The Securities and Exchange Commission is showing its commitment to keeping the lines of communication open between the SEC and whistleblowers willing to report wrongdoing. The SEC recently announced stiff penalties for two companies that included language in separation agreements that required employees to waive financial rewards they might be eligible for if they disclose employer wrongdoing to the SEC.
In a recent administrative proceeding against BlueLinx Holdings Inc., the SEC issued an order against the company for issuing severance agreements that could potentially stifle whistleblowing activities. As reported in an August 10, 2016 SEC press release, “BlueLinx’s restrictive language forced employees leaving the company to waive possible whistleblower awards or risk losing their severance payments and other post-employment benefits.” Along with changes to the severance agreement language and employment policies, the company agreed to pay a $265,000 penalty.
Less than a week later, the SEC announced a similar result in an action against a California-based health insurance provider. According to the order, Health Net Inc. required outgoing employees to sign a waiver and release of claims. Although the release did not bar them from taking part in any government investigations of the company, it prohibited them from accepting a financial reward they otherwise would be eligible for if the government made a recovery based on their tips. Some 600 employees signed these agreements over a two-year period. Health Net agreed to pay a $365,000 penalty and agreed to make reasonable efforts to inform former employees who signed the severance agreements that Health Net does not prohibit them from seeking and obtaining a whistleblower award from the SEC.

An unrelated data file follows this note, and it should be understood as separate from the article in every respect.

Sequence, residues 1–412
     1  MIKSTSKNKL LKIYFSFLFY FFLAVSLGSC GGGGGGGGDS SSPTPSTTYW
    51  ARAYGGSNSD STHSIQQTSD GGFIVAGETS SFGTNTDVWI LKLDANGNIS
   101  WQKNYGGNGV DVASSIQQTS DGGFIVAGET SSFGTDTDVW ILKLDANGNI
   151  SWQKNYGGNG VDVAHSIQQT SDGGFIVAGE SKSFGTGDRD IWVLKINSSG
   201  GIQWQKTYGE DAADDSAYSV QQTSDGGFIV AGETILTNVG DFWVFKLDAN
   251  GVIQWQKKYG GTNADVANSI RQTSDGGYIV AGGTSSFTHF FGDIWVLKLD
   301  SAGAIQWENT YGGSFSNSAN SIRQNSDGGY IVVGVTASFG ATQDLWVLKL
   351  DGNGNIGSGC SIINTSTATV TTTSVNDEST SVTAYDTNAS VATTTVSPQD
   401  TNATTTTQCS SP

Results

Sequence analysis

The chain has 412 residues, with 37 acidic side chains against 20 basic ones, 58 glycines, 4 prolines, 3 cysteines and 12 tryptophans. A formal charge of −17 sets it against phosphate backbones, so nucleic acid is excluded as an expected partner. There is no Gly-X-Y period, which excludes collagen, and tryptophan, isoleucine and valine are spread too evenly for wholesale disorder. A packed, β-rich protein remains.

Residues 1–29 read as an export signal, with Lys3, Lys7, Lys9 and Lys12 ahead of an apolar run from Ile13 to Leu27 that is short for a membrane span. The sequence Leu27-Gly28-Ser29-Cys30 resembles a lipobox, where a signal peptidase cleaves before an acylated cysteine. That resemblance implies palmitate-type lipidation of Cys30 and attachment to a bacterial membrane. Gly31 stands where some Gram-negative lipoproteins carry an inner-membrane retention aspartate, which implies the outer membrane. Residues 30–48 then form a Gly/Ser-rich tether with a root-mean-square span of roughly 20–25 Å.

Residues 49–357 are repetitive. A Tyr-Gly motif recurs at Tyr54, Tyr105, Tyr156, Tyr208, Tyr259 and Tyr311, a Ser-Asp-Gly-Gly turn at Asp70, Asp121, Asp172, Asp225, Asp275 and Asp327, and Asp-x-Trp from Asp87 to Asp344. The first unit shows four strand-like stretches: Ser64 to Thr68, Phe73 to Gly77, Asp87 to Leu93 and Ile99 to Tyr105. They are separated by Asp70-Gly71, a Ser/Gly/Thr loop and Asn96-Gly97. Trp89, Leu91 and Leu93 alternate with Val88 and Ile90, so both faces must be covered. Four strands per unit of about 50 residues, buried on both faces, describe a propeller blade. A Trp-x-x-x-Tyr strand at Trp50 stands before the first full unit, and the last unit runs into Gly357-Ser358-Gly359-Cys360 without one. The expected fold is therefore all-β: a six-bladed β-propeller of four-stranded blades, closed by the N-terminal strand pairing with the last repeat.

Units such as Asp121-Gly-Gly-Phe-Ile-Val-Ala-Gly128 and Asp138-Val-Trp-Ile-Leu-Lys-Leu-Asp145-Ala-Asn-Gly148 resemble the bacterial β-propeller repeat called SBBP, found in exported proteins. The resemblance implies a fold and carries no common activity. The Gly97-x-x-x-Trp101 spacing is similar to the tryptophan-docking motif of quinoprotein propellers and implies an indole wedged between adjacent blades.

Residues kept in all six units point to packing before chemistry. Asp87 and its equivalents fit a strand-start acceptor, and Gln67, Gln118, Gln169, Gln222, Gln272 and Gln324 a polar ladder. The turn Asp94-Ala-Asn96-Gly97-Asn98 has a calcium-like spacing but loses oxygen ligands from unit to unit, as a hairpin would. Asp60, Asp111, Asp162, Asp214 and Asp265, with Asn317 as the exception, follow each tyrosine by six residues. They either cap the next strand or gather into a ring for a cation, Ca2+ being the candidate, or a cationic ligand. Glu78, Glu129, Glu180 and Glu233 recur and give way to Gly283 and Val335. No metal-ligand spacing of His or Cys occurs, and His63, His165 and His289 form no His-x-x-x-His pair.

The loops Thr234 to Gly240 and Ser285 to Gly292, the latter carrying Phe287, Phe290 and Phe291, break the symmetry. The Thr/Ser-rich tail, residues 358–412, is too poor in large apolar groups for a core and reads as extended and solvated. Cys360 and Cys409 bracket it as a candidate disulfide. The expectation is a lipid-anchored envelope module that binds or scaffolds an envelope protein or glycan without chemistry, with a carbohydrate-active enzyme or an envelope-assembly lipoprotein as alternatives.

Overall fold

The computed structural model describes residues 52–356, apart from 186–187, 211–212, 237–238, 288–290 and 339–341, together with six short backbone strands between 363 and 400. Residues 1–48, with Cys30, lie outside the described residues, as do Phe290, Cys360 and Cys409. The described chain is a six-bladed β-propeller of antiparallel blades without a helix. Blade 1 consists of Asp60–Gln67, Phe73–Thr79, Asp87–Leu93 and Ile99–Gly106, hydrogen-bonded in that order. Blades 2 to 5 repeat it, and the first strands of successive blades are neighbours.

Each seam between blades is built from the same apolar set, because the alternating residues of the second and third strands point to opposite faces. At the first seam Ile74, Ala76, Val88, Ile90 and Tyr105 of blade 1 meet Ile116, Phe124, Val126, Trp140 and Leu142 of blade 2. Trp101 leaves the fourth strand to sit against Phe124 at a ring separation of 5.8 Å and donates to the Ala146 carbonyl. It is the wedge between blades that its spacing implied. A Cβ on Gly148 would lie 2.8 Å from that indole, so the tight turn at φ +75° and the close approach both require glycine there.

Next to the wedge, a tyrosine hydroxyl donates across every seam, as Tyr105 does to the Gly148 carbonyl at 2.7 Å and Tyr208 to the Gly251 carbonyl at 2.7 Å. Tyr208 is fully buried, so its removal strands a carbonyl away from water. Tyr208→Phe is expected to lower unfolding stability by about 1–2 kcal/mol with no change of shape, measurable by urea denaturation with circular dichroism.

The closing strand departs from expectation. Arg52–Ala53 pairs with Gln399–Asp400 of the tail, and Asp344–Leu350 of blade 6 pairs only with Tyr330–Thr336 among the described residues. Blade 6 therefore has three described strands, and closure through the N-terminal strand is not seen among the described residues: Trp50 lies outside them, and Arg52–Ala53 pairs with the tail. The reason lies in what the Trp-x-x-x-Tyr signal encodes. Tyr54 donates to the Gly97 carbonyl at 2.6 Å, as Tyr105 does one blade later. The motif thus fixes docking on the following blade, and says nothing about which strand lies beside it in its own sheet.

These most recent penalties are higher than the $130,000 the SEC fined KBR Inc. in the Commission’s first such enforcement action announced on April 1, 2015.
Preventing a Chilling Effect
As discussed in a prior blog post, efforts by Congress and the SEC to encourage and protect whistleblowers who come forward to report corporate fraud and deception are proving successful. Tips reported to the SEC last year reached nearly 4,000, a 30% jump from 2012.
Chief among federal whistleblower protection statutes is the Dodd-Frank Wall Street Reform & Consumer Protection Act. Rule 21F-17 of the Act prohibits actions by an employer that restrict employees from reporting a violation of securities laws to the SEC:
No person may take any action to impede an individual from communicating directly with the Commission staff about a possible securities law violation, including enforcing, or threatening to enforce, a confidentiality agreement … with respect to such communications.
In an April 2015 order, the SEC made clear that this prohibition includes employee confidentiality agreements. KBR had been requiring certain employees to sign confidentiality agreements that indicated that the company would discipline or even terminate employees who shared details from internal investigations with the Commission. The confidentiality agreements also required employees to get clearance from KBR’s legal department before going to the Commission.
The Commission fined KBR, and KBR revised its confidentiality agreements. When it announced the enforcement action, the Commission stated that going forward it would view any company’s “blanket prohibition” against witnesses discussing the substance of the interview has a potential “chilling effect” on whistleblowers’ willingness to report illegal conduct to the Commission.
Employees Must Be Vigilant
Because reports of retaliation against whistleblowers appear in the news regularly, workers have a growing awareness of their employment rights. As companies seek to quash whistleblowing activities, they may pursue subtle and more insidious means such as restrictive severance agreement language. Consequently, employees must remain alert to spotting these practices.
The attorneys in Outten & Golden’s Whistleblower & Retaliation Practice Group are experienced in all aspects of federal whistleblower laws and negotiating employee severance packages, and will continue to share news and outcomes in this area.